Sweet potatoes are easy to incorporate into your everyday meals. They are best prepared boiled but can also be baked, roasted, or steamed — they can even replace other carbohydrates such as rice, potatoes, and toast. (Related: Understanding the phytochemical and nutrient content of sweet potato flours from Vietnam.)

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Frostbite: What it is and how to identify, treat it

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Manitoba’s temperature has plummeted to its coldest level this season, triggering warnings about the extreme risk of frostbite.

Oh, we know it’s cold. We can feel Jack Frost nipping at our noses. But what about when he gnaws a little harder — what exactly does “frostbite” mean?

People tend to underestimate the potential for severe injuries in the cold, says the Winnipeg Regional Health Authority. We laugh off the sting of the deep freeze, rub our hands back from the brink of numbness and wear our survival proudly like a badge.

That’s because, in most cases, frostbite can be treated fairly easily, with no long-term effects.

But it can also lead to serious injury, including permanent numbness or tingling, joint stiffness, or muscle weakness. In extreme cases, it can lead to amputation.

Bitter cold can cause frostbite in just minutes. Here’s how to recognize the warning signs and treat them. 0:59

Here’s a guide to identifying the first signs, how to treat them, and when to seek medical help.

What is frostbite and frostnip?

Frostbite is defined as bodily injury caused by freezing that results in loss of feeling and colour in affected areas. It most often affects the nose, ears, cheeks, chin, fingers or toes — those areas most often exposed to the air.

Cooling of the body causes a narrowing of the blood vessels, slowing blood flow. In temperatures below –4 C, ice crystals can form in the skin and the tissue just below it.

Frostnip most commonly affects the hands and feet. It initially causes cold, burning pain, with the area affected becoming blanched. It is easy to treat and with rewarming, the area becomes reddened.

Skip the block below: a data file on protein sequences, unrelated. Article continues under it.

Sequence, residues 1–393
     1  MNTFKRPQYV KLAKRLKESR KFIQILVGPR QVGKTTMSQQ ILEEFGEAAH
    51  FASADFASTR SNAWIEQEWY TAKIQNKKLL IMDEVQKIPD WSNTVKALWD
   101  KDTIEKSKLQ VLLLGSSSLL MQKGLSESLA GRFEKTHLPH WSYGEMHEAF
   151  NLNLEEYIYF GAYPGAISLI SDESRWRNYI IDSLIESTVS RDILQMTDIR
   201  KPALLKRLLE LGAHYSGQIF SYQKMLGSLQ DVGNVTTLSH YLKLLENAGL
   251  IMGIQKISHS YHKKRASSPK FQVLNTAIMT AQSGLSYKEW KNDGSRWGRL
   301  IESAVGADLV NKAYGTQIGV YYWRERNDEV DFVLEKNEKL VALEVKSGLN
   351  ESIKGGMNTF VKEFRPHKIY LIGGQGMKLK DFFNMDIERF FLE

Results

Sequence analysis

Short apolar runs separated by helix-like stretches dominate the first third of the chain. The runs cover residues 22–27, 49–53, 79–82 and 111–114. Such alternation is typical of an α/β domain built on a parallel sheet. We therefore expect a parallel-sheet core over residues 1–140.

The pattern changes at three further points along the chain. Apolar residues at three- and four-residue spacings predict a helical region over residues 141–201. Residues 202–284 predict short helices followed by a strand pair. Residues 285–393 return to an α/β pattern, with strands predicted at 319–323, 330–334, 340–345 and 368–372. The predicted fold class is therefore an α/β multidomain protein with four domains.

Frostbite is the acute version of frostnip, when the soft tissue actually freezes. The risk is particularly dangerous on days with a high wind chill factor. If not quickly and properly treated, it can lead to the loss of tissues or even limbs. 

Signs of frostbite

Health officials call them the four P’s:

  • Pink: Skin appears reddish in colour, and this is usually the first sign.
  • Pain: The cold becomes painful on skin.
  • Patches: White, waxy-feeling patches show when skin is dying.
  • Prickles: Affected areas feel numb or have reduced sensation.

Symptoms can also include:

  • Reduced body temperature.
  • Swelling.
  • Blisters.
  • Areas that are initially cold, hard to the touch.

Take quick action

If you do get frostbite, it is important to take quick action.

  • Most cases of frostbite can be treated by heating the exposed area in warm (not hot) water.
  • Immersion in warm water should continue for 20-30 minutes until the exposed area starts to turn pink, indicating the return of blood circulation.
  • Use a warm, wet washcloth on frostbitten nose or earlobes.
  • If you don’t have access to warm water, underarms are a good place to warm frostbitten fingers. For feet, put them against a warm person’s skin.
  • Drink hot fluids such as hot chocolate, coffee or tea when warming.
  • Rest affected limbs and avoid irritation to the skin.
  • E​levate the affected limb once it is rewarmed.

Rewarming can take up to an hour and can be painful, especially near the end of the process as circulation returns. Acetaminophen or ibuprofen may help with the discomfort.

Do not …

There are a number of things you should avoid:

  • Do not warm the area with dry heat, such as a heating pad, heat lamp or electric heater, because frostbitten skin is easily burned.
  • Do not rub or massage affected areas. This can cause more damage.
  • Do not drink alcohol.
  • Do not walk on your feet or toes if they are frozen.
  • Do not break blisters.

Seek immediate medical attention

While you can treat frostbite yourself if the symptoms are minor — the skin is red, there is tingling — you should seek immediate medical attention at an emergency department if:

  • The exposed skin is blackened.